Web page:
Generative Design of Acoustical Diffuser and Absorber Elements Using Large-Scale Additive Manufacturing
Commenced in January 2007
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Edition: International
Paper Count: 32799
Generative Design of Acoustical Diffuser and Absorber Elements Using Large-Scale Additive Manufacturing

Authors: S. Aziz, B. Alexander, C. Gengnagel, S. Weinzierl

Abstract:

This paper explores a generative design, simulation, and optimization workflow for the integration of acoustical diffuser and/or absorber geometry with embedded coupled Helmholtz-resonators for full scale 3D printed building components. Large-scale additive manufacturing in conjunction with algorithmic CAD design tools enables a vast amount of control when creating geometry. This is advantageous regarding the increasing demands of comfort standards for indoor spaces and the use of more resourceful and sustainable construction methods and materials. The presented methodology highlights these new technological advancements and offers a multimodal and integrative design solution with the potential for an immediate application in the AEC-Industry. In principle, the methodology can be applied to a wide range of structural elements that can be manufactured by additive manufacturing processes. The current paper focuses on a case study of an application for a biaxial load-bearing beam grillage made of reinforced concrete, which allows for a variety of applications through the combination of additive prefabricated semi-finished parts and in-situ concrete supplementation. The semi-prefabricated parts or formwork bodies form the basic framework of the supporting structure and at the same time have acoustic absorption and diffusion properties that are precisely acoustically programmed for the space underneath the structure. To this end, a hybrid validation strategy is being explored using a digital and cross-platform simulation environment, verified with physical prototyping. The iterative workflow starts with the generation of a parametric design model for the acoustical geometry using the algorithmic visual scripting editor Grasshopper3D inside the Building Information Modeling (BIM) software Revit. Various geometric attributes (i.e., bottleneck and cavity dimensions) of the resonator are parameterized and fed to a numerical optimization algorithm which can modify the geometry with the goal of increasing absorption at resonance and increasing the bandwidth of the effective absorption range. Using Rhino.Inside and LiveLink for Revit the generative model was imported directly into the Multiphysics simulation environment COMSOL. The geometry was further modified and prepared for simulation in a semi-automated process. The incident and scattered pressure fields were simulated from which the surface normal absorption coefficients were calculated. This reciprocal process was repeated to further optimize the geometric parameters. Subsequently the numerical models were compared to a set of 3D concrete printed physical twin models which were tested in a .25 m x .25 m impedance tube. The empirical results served to improve the starting parameter settings of the initial numerical model. The geometry resulting from the numerical optimization was finally returned to grasshopper for further implementation in an interdisciplinary study.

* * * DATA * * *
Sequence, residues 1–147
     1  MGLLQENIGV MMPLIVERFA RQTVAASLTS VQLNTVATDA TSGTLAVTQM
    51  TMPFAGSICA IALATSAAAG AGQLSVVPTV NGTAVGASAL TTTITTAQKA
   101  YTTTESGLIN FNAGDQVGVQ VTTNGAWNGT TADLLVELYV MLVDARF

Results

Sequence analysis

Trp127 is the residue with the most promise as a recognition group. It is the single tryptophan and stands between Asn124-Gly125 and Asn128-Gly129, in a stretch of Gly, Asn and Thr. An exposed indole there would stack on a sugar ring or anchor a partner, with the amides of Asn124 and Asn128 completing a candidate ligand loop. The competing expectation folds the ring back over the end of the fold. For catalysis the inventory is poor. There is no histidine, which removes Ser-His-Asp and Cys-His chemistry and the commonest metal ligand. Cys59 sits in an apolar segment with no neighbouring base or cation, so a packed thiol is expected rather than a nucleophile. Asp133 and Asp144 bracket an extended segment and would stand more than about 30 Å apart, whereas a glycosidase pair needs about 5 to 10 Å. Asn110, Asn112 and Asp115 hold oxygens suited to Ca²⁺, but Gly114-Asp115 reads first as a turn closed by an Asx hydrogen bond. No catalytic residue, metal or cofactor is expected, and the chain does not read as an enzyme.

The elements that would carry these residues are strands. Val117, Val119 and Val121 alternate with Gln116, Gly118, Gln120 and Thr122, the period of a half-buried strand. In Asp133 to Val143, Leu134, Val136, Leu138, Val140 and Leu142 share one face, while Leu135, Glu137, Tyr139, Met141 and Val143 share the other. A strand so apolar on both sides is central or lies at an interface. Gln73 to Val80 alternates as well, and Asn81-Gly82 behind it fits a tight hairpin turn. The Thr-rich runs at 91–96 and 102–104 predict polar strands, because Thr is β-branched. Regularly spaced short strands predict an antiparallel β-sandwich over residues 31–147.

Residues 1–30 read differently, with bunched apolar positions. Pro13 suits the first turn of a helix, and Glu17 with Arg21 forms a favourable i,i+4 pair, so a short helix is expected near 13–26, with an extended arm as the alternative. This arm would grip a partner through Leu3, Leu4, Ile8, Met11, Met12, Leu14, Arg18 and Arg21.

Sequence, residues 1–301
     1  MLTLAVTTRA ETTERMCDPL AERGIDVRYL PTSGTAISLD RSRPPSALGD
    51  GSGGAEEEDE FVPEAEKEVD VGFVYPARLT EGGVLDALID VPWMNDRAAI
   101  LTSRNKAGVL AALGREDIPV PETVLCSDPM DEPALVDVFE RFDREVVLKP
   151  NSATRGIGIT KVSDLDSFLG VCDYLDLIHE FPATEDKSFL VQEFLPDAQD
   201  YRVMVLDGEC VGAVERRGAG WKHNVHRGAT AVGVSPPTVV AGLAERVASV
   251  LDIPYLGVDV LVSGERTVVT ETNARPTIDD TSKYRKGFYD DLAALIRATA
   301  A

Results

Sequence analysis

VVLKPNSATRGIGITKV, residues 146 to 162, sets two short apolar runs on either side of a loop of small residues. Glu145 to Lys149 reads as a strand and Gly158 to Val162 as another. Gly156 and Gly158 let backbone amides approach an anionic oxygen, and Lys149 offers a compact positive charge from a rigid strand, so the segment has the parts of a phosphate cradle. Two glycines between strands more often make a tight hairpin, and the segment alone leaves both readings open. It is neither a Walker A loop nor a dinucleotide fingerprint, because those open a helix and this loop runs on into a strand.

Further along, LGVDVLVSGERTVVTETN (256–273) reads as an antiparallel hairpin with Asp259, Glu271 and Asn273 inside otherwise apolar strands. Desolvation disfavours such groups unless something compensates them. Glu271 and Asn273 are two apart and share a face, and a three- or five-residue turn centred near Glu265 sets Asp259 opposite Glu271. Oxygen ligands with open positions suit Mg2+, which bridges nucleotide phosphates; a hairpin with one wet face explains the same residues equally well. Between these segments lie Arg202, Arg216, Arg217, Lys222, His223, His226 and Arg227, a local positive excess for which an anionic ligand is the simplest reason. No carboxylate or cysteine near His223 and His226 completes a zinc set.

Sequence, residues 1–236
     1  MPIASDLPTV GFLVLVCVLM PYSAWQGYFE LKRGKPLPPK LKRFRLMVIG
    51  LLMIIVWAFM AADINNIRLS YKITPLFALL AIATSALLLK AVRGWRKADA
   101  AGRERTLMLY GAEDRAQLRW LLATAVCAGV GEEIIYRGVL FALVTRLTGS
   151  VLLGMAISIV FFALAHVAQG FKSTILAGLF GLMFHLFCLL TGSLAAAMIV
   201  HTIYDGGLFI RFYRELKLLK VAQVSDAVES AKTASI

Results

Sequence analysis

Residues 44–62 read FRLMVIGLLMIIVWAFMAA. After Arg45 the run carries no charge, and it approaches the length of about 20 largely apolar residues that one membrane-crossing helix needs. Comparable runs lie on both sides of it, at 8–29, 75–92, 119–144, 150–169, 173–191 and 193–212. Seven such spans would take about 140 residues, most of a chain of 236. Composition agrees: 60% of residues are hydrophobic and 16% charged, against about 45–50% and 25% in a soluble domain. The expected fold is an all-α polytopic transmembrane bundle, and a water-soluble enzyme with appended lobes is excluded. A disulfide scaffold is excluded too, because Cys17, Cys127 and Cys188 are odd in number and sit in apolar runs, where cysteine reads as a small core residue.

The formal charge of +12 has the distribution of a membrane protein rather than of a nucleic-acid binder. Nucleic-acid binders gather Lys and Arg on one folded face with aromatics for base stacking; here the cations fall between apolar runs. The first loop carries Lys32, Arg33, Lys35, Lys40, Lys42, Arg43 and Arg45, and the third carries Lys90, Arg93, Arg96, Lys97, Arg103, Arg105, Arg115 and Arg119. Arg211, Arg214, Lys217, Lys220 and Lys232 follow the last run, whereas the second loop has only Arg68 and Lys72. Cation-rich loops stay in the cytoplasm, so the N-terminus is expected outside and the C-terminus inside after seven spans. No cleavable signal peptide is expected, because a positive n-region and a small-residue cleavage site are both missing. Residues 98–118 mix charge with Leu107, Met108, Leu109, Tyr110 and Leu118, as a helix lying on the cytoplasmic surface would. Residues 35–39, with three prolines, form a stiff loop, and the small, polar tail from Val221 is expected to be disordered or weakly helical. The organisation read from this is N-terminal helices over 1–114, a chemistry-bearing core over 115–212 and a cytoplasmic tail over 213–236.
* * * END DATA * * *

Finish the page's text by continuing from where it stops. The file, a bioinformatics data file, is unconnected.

Keywords: Acoustical design, additive manufacturing, computational design, multimodal optimization.

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